The struggle between parent and child that is the explicit subject of so many bedtime stories is, in "Goodnight Moon" only implicit. Indeed, there's no parent on the scene. The story begins with the little rabbit, drawn with wonderful flatness by Clement Hurd, already in bed. It is seven o'clock. A few pages later, according to the blue clock on the mantelpiece and the yellow clock on the bed table, it is seven-twenty. Then it is seven-thirty, then seven-forty. When the "good-nighting" begins, it is not clear who is doing the speaking. The moon is rising, yet the light grows dimmer. The clocks tick on -- seven-fifty, eight o'clock.
A parent is bigger than a child, but still a person. He or she can be appealed to, as in "Bedtime for Frances," or even tricked, as in "Good Night, Gorilla." The arrangement in "Goodnight Moon" is completely uneven. Time moves forward, and the little bunny doesn't stand a chance. Parent and child are, in this way, brought together, on tragic terms. You don't want to go to sleep. I don't want to die. But we both have to.
I thought I had a knack for reading disturbing new messages into children's books, but I doff my hat to Ms. Kolbert. I'm not sure she's right that there's no parent on the scene -- the bunny's relationship to the Old Lady Whispering Hush is never clearly defined -- but nonetheless, well done.
After you've read these books a certain number of times, you start to spot little jokes and cul-de-sacs. Peggy Rathmann's Good Night, Gorilla is filled with hidden gags and subplots just waiting to be spotted on a fifth, fifteenth, or ninety-ninth reading; I presume they're there to keep the experience fresh for the parent as he's dragged through the gorilla's adventures yet another time. Once I started to notice those, I naturally began to hunt for Easter eggs in other books. Like Saussure and his anagrams, I soon was spotting them whether or not they were supposed to be there.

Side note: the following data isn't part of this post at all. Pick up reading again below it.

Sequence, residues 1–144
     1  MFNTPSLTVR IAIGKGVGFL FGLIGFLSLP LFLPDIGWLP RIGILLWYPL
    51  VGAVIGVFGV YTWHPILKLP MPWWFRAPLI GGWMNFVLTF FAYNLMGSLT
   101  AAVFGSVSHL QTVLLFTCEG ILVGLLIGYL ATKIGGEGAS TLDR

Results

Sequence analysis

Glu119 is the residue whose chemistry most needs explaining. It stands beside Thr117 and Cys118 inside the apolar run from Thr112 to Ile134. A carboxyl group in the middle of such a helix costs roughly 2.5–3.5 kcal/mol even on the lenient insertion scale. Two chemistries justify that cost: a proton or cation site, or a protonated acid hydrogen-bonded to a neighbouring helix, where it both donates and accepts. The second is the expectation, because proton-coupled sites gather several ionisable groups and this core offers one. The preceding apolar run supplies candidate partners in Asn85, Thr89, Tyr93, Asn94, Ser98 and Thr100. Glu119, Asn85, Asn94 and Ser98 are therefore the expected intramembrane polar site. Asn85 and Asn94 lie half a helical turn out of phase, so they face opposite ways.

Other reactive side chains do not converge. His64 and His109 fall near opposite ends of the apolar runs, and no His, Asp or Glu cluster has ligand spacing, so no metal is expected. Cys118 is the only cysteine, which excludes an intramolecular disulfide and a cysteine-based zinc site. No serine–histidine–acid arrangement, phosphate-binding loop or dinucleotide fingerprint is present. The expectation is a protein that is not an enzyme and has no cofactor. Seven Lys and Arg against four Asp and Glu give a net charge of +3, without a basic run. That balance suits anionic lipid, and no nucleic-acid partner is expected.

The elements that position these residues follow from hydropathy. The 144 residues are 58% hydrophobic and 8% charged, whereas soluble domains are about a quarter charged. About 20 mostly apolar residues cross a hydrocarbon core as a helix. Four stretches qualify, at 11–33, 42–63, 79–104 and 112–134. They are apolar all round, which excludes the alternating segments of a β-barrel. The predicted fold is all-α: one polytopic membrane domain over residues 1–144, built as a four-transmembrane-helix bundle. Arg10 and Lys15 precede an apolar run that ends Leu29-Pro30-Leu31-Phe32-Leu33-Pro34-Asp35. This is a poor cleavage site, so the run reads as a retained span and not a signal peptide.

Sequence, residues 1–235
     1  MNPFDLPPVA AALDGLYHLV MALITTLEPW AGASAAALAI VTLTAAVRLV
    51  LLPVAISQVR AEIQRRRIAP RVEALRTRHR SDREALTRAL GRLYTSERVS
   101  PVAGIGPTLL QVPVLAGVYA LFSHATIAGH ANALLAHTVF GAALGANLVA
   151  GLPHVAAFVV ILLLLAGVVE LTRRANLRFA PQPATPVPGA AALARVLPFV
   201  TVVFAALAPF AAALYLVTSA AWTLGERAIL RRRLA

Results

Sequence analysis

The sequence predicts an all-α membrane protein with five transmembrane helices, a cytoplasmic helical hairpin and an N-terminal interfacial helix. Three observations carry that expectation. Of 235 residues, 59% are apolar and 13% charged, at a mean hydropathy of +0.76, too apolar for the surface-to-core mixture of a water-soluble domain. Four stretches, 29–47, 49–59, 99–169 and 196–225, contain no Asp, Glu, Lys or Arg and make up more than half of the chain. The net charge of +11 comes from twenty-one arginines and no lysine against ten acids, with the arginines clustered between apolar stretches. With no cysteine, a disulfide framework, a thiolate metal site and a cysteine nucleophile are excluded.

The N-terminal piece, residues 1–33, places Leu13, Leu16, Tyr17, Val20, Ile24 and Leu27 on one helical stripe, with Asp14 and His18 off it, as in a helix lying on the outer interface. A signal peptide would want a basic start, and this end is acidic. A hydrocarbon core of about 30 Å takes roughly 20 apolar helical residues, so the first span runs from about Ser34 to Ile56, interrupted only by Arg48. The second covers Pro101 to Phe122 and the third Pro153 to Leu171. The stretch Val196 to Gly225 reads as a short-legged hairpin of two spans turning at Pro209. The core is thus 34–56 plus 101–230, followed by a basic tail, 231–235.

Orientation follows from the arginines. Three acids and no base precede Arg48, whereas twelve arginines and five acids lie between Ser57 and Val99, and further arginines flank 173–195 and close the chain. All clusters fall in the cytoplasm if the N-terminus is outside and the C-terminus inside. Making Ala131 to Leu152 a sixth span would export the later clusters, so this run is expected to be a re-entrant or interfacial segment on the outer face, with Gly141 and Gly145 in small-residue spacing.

I'm certain, for instance, that Goodnight Moon contains a product-placement ad for the same author's Runaway Bunny. I'm less certain about the book's great unanswered question: What's going on in that dollhouse? At the end of the story the young rabbit is asleep, the old lady has vanished, and darkness has fallen everywhere -- except in that mysterious toy house in the corner, where the lights are still on. The little bunny might not stand a chance, but someone is staying up late. Or so I tell myself as my daughter reaches for another book.
It's Pat the Bunny that drives me crazy. "Judy can read her book," the text tells us, and we see not just a picture of Judy reading but a copy of Judy's tome itself, helpfully affixed to the opposite page. But if you compare the illustration to the actual book, you'll see that Judy is holding her book upside down. Obviously she can't read it. Like Lolita or "The Tell-Tale Heart," Pat the Bunny has an unreliable narrator.
But that pulls out the rug from below us. If Judy can't read, what other lies are we being told? Can Paul really smell those flowers? Can he get his chubby finger through Mummy's little ring? Why isn't Mummy wearing that ring, anyway? "Judy can feel Daddy's scratchy face" -- well, she's touching some guy's face. How do we know that's really her daddy?
What? Stop looking at me like that. I'm just trying to decipher the damn book. Its endless row of riddles keeps drawing me deeper...hidden messages in the margin...Pat the Bunny! Ever notice that that's an anagram for Buy Then Pant?
Be checked and I don't want harmony. Yes, please, police are. Ah, no! French-Canadian bean soup...